skip to main content

Content Marketing (All)
The Boy That Was Never Supposed to Learn How to Ski

divider image for this post

Ever since I can remember I’ve wanted to ski.

It wasn’t just skiing, either, it was everthing. I wanted to get first tracks at Snowbird while the iconic red and blue trams crossed behind me, I wanted to carve Deer Valley cuorduroy with a personal mountain guide, I wanted to catch “big air” with the pros at Brighton.

The first time my uncle showed me his new Burton snowboard he might as well have been holding the Holy Grail.

There was just one problem.

We were poor.

As in, when I saw that Burton snowboard we were living in my grandmother’s basement until we could afford to live somewhere else.

So I’d faithfully watch the SkiUtah TV show on Saturday afternoons only to harshly snap back to the reality of being a noname kid in a small town with no allowance and a paper route that paid beans. I’d faithfully kept that route for years to buy a 10-speed bike, but no matter how hard I worked skiing felt a world away.

In many ways, I suppose it was.

Though, from time to time there were glimpses behind the curtain.

One year my brother got a pair of department-store plastic skis for Christmas. I’d even pay him to let me “borrow” them for a few minutes at a time. Over and over I’d make laps in an empty field by my grandma’s house, reenacting something like skiing’s version of a silent “3-2-1” countdown on playground basketball hoops.

Those skis had two rubber straps for bindings, which seemed to work well, but with no edges and no ankle support, we failed to conquer even the smallest sledding hill.

On a trip to the dump with my dad, I actually found a pair of skis. I was sure some heavenly light was shining past the misquitos and seagulls when I spotted them. But having no idea how bindings worked, I didn’t realize the entire toe piece was missing off both until weeks later.

Not ready to give up, I’d check the Sunday ads for ski sales only to be disappointed again when I realize, over and over, that my entire life savings wouldn’t even buy bindings.

Slowly, my dream of skiing seemed like a lost cause.

Then, when I was about 12, I heard about a radio contest with some very unique rules. On a certain day at a certain time, the DJ would name a prominent landmark in the Orem, UT area. Only the first 25 people to that spot would win. The rest would leave empty handed.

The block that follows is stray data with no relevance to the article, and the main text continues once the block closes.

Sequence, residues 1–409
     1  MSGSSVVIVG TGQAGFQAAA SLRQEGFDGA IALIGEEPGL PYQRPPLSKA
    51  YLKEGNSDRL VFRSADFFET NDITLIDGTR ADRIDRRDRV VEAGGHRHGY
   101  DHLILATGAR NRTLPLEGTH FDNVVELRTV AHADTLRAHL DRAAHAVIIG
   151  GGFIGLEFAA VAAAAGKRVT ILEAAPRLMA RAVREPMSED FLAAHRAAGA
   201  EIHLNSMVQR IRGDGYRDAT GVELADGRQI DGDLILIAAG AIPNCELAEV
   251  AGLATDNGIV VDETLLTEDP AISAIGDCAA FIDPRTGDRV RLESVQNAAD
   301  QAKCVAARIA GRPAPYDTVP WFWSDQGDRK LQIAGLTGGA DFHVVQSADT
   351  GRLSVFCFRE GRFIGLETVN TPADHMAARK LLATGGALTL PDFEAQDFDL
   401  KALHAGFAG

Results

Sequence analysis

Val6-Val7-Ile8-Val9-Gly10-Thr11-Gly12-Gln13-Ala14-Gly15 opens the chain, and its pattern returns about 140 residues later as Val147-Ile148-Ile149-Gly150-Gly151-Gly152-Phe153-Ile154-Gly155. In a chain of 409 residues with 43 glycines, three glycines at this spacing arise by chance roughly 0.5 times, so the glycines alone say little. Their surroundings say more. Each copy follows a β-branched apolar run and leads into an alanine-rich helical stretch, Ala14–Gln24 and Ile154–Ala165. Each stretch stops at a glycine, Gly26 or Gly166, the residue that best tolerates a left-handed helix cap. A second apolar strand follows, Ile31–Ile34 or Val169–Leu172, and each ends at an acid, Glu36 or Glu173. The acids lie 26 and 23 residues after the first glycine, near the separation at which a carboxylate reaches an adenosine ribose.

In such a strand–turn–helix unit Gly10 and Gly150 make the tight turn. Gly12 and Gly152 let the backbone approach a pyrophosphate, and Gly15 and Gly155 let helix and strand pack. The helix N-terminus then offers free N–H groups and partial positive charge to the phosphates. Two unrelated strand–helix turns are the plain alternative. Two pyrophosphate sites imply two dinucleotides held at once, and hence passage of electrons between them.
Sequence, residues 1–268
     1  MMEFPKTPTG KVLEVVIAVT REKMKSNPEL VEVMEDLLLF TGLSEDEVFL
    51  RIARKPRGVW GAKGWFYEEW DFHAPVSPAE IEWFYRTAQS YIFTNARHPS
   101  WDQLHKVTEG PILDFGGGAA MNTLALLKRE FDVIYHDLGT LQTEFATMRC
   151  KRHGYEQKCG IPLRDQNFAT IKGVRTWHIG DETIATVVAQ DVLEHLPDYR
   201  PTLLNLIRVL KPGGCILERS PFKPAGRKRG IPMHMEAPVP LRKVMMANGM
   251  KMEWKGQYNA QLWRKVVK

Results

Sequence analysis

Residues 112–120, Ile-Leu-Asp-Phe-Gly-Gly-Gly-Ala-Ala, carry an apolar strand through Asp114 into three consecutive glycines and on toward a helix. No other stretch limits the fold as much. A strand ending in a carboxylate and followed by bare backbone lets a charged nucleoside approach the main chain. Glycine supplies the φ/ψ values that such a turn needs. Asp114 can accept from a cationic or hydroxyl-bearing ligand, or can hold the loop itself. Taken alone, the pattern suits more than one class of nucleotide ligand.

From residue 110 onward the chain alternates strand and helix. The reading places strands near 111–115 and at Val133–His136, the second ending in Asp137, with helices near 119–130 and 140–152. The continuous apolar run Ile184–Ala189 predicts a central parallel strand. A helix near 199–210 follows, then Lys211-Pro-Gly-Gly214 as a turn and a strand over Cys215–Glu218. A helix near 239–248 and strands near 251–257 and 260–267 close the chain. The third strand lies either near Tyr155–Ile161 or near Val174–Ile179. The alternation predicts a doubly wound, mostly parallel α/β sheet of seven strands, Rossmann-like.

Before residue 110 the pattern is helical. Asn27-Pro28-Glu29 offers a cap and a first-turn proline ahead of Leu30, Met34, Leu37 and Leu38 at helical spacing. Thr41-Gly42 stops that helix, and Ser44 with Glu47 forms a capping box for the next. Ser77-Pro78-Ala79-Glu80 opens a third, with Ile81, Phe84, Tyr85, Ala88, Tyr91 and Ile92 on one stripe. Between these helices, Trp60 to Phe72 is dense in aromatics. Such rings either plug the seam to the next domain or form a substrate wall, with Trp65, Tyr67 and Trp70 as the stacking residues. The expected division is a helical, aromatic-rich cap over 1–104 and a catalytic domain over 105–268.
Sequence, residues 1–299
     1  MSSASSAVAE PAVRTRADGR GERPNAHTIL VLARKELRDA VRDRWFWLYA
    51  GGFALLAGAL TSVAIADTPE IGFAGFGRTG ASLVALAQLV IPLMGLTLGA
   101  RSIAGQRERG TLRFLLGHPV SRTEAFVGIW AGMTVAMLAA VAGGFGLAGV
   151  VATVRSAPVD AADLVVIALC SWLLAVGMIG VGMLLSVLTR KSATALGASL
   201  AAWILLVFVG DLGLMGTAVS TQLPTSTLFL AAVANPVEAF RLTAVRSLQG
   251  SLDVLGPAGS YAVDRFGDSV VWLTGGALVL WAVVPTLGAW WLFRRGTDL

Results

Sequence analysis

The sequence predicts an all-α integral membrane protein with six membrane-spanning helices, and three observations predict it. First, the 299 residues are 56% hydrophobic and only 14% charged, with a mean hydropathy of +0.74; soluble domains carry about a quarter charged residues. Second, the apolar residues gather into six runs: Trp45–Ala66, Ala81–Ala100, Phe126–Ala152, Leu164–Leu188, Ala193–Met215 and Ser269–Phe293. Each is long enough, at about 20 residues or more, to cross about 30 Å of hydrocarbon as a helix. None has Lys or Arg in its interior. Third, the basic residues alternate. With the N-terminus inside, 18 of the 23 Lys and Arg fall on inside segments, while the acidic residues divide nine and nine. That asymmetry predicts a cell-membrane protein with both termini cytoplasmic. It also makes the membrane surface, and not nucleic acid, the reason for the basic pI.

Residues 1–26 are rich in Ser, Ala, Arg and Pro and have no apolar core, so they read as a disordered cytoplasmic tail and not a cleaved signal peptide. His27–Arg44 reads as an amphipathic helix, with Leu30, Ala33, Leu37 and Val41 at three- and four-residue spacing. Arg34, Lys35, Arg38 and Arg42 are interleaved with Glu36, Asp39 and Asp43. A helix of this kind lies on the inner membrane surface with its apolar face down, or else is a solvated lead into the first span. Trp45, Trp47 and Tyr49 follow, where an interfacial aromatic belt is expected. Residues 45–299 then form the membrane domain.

But it wasn’t the rules that intrigued me, it was the prize: free lift tickets to Sundance Ski Area.

This was it.

This was my chance.

It didn’t take long to get my brother on board and with two sets of puppy dog eyes now pleading with my mother to try, we got a YES. Undeterred by our lack of equipment, we soon discovered our aunt’s parents had old skis we could borrow. Our snow clothes weren’t waterproof, but we figured out some half-decent gear that would work well enough and counted down the days.

With my luck, I just knew we’d be #26 or #29…anything but winners.

At one point my mom suggested we’d try to find a way to ski even if we didn’t win, but looking back I think she was being kinder than our budget would allow.

The morning of the contest we left extra early and slowly drove around Orem, impatiently waiting for the announcement. Just when I was second guessing whether we had the date right, the DJ grabbed our attention: “the location is”, he began, “Cascade Golf Course!”

We were off.

Unfortunately, we were nowhere near the course when they made the announcement. But we tried anyway, my brother and I urging our mom to break traffic laws as soon as she obeyed them.

Finally we pulled up to the course, nervously rolled down the window and asked what number we were.

I couldn’t hear the exact place, but the next word was unmistakable, “congratulations!”

We were going skiing.

The thing I had dreamed about for most of my childhood was finally coming true. I couldn’t believe it. Our first run is still vividly etched in my mind as we all snowplowed our way down Stampede as cluelessly and awkwardly as you can imagine. The lift terrified me, but I couldn’t wait to get back up for another run. Aside from my brother, we were pretty awful, but it didn’t matter.

I was skiing, really skiing, and that was more than enough for me.

About Gregg & SlopeFillers
I've had more first-time visitors lately, so adding a quick "about" section. I started SlopeFillers in 2010 with the simple goal of sharing great resort marketing strategies. Today I run marketing for resort ecommerce and CRM provider Inntopia, my home mountain is the lovely Nordic Valley, and my favorite marketing campaign remains the Ski Utah TV show that sold me on skiing as a kid in the 90s.

Get the weekly digest.

New stories, ideas, and jobs delivered to your inbox every Friday morning.